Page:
The Woman I See at the Mikvah


The Woman in the Mirror at the Mikvah


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Woman I See

By Elana Horwitz

There is a woman I see at the mikva. She is a typical woman. She walks in unobtrusively but without hesitation. She looks comfortable here. She is not unfriendly, but her focus is not on the other women. She appears to be deep in thought, and she seems relaxed in her thinking, as if she is used contemplating one idea or another.

She completes her preparations and immerses in the waters. Afterwards, I see her. And she never looks typical then. I gaze into her eyes. I notice the determined angle of her jaw. She is both young and old, this woman. Her years have been full, oh, so full. Some say she looks younger than her age, but they are not searching her eyes. Like every woman, she is part little girl, but I never see that part of her here at the mikva, never. Here she feels what only women feel. I am also not fooled by the signs of aging that her body shows. Her body may age, but her determination never does. Never. Her spirit falters at times, and she cries. When she cries, she weeps alone, with no one to comfort her, because she cannot schedule her heartache at the convenience of her well-meaning friends. Her husband is a great comfort, and she is also blessed with children, whose little hands stroke her, and whose fresh perspective warms and inspires her. And yet…and yet…a part of her remains untouched. The deepest part is frozen. She lives with it, and it is pretty much okay, but sometimes it gets…so…cold.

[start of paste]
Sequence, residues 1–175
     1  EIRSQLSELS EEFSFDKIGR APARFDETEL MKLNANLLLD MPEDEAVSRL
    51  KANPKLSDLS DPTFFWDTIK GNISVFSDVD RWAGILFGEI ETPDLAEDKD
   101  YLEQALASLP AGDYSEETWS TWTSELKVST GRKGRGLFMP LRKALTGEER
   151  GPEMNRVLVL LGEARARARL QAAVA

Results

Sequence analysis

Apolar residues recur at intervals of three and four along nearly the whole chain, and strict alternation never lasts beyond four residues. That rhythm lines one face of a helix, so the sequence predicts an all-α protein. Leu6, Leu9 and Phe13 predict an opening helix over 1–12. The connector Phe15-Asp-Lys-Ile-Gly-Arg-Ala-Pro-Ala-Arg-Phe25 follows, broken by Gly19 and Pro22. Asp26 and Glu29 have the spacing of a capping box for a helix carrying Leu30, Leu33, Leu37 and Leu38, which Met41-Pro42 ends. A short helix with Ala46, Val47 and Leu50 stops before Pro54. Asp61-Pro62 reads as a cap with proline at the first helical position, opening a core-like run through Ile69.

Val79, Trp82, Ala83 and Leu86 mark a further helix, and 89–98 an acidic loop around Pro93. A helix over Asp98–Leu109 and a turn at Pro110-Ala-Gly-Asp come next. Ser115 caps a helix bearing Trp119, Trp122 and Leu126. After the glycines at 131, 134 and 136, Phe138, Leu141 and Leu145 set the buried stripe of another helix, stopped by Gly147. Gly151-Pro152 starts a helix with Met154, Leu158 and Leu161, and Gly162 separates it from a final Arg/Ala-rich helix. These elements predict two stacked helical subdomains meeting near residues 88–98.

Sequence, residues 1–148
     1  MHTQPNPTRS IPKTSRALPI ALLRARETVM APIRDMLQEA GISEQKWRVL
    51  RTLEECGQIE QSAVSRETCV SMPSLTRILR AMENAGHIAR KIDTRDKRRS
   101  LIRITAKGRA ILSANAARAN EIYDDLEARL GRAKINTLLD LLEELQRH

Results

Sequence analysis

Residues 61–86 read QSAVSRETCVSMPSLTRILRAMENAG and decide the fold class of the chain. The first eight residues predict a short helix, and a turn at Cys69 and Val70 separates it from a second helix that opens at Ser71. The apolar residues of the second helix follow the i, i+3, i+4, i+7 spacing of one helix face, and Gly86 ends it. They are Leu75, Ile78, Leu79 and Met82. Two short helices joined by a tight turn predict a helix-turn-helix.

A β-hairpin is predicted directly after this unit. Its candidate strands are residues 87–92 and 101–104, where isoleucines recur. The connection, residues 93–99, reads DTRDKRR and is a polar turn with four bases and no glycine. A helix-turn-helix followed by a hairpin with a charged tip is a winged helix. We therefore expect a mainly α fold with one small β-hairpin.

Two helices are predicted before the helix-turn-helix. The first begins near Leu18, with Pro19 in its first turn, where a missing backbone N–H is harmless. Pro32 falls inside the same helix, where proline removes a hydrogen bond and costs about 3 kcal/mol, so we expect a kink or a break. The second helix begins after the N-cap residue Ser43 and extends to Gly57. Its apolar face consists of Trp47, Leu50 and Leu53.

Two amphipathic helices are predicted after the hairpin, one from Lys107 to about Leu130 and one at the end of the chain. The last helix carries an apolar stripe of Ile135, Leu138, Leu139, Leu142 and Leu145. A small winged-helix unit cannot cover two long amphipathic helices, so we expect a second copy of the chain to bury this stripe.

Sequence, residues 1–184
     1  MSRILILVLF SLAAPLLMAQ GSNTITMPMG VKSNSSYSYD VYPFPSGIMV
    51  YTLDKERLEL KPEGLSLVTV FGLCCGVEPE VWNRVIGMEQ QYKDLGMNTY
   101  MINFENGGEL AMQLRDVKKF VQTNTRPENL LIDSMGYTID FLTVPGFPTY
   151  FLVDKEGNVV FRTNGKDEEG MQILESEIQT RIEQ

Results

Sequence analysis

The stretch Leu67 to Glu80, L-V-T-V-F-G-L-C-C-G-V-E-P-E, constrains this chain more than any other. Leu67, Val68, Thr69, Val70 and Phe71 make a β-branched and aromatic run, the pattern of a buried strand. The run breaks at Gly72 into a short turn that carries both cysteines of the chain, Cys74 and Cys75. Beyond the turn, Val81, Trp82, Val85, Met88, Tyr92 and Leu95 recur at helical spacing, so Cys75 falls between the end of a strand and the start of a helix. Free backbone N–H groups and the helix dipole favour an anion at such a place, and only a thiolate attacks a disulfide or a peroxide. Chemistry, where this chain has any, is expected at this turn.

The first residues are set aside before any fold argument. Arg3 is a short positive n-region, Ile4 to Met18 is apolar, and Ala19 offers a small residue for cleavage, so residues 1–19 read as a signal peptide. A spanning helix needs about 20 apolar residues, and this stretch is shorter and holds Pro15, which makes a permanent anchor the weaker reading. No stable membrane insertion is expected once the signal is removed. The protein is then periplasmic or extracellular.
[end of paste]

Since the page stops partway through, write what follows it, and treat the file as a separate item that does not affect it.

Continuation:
Graciously often, the sun shines. She sings, when nobody can hear, and she dances too, when nobody can see. Perhaps she lacks talent, but that doesn't matter a bit to her audience of One. She knows this, and laughs. Her heart bubbling over with appreciation for the harmony of life's music, she reaches out with arms open, and loves.

There are times she can fall so weak. And I see how strong she can grow, because she must. I can see beauty in her. Her beauty is not about her features or her weight or the color of her hair. It is about her soul, which, for all the harm it does and all the benefit, she chooses at times to wear on her sleeve. 

Here at the mikva she arises from the purifying waters, a woman anew. And then she moves on, because that is what a Jewish woman does. And no matter what…no matter what…even when she is scorned and spurned, or ignored and rendered invisible, or proven a fool to the world, or badly humiliated; even when she feels despised, or she doesn't get her way, or her work overwhelms her; even when people she loves die to her and she cannot hold them close, she arises from the waters and moves forward. Because she is what a Jewish woman is.

A typical woman, I see her at the mikva. She is the woman in the mirror that I peer into after immersing. I seek her out every time, and every time I find her there, anew.


from the August 2008 Edition of the Jewish Magazine

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